Airbnb, one of the biggest players in the travel-sharing economy, has launched a Hospitality Lab to teach hosts best practices for customer service.
With Airbnb guests traveling to 192 countries and speaking more than 32 different languages, the company decided to establish hospitality standards in an effort to create some level of consistency across guest experiences, representatives said.
"With over 500,000 listings in over 35,000 cities around the world, we have a huge opportunity to connect people from different cultures together," Emily Joffrion, a representative for Airbnb, told ABC News. "But cultural differences can mean challenges in expectations. Through education, we hope to standardize elements of a stay that address universal basic needs, while continuing to encourage intensely local experiences."
Chip Conley, of Joie de Vivre Hospitality, has been tapped to establish standards for listing accuracy, cleanliness and appropriate response time.
"I became a boutique hotelier because I wanted to shake up the conventional wisdom that – in order to offer quality – hospitality had to be conventional," Conley said in a statement. "Nearly 30 years later, Airbnb is now on the forefront of a new type of innovation built from the same components: meaningful host connections, great design and local experiences."
Conley's staff, who are based in Dublin, have already begun coordinating offline workshops, online webinars and dispensing hospitality tips to hosts as part of a pilot program. The lab is focusing on nine hospitality standards, but company representatives did not name any beyond response time, listing accuracy and cleanliness.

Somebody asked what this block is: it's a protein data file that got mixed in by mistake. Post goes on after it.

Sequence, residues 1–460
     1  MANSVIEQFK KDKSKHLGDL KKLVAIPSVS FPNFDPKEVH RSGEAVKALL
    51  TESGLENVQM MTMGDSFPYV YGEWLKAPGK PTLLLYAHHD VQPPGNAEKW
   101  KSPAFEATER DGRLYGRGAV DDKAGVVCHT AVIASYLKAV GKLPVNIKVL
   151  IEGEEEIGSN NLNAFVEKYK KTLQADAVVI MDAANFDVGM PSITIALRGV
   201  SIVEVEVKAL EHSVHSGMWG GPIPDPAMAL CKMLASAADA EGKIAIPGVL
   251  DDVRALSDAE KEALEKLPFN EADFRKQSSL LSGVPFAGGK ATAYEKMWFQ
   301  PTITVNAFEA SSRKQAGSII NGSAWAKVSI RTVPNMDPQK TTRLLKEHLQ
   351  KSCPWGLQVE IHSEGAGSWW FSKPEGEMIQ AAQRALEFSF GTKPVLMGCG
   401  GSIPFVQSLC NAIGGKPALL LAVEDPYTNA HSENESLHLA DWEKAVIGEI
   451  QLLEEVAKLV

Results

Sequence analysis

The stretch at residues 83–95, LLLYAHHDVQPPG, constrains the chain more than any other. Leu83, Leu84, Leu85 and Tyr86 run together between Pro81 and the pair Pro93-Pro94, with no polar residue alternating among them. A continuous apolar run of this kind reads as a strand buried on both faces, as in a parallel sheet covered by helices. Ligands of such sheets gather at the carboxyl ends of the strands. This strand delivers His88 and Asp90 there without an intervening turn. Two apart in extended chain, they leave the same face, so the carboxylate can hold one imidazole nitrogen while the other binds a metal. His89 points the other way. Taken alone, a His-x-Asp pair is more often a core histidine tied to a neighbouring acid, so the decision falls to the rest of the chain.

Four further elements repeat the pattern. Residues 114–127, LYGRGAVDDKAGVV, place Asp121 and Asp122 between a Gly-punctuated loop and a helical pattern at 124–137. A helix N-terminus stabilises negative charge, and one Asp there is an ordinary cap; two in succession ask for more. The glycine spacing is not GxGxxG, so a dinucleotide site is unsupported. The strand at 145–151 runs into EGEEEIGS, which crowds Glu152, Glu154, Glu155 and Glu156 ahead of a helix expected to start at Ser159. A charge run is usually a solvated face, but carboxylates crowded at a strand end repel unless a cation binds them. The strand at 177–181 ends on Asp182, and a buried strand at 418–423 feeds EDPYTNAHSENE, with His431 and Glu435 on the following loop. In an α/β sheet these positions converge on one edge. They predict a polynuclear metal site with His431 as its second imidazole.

Airbnb does not plan to supply bed linens or personal toiletries to guests, as some other vacation home rental sites do, according to representatives. But there may be subtle encouragement for hosts to do so.
"We believe that with the right guidelines, these hospitality standards will become norms that the community upholds without Airbnb involvement," Joffrion said.
She rejected the notion that the effort hints that Airbnb users are engaging in a more formal rental activity than just occasional hosting.
"The vast majority of our hosts are renting out their primary residences and using Airbnb to make supplementary income," said Joffrion. "These hosts usually have very little practical experience in hospitality."
Though potentially helpful to novices, completing the Hospitality Lab will not be mandatory for listings to remain active. One host, who spoke with ABC News on condition of anonymity, expressed disinterest in participating.
"A lot of the things they are suggesting seem pretty obvious," the host said. "I personally wouldn't sign up for any workshops."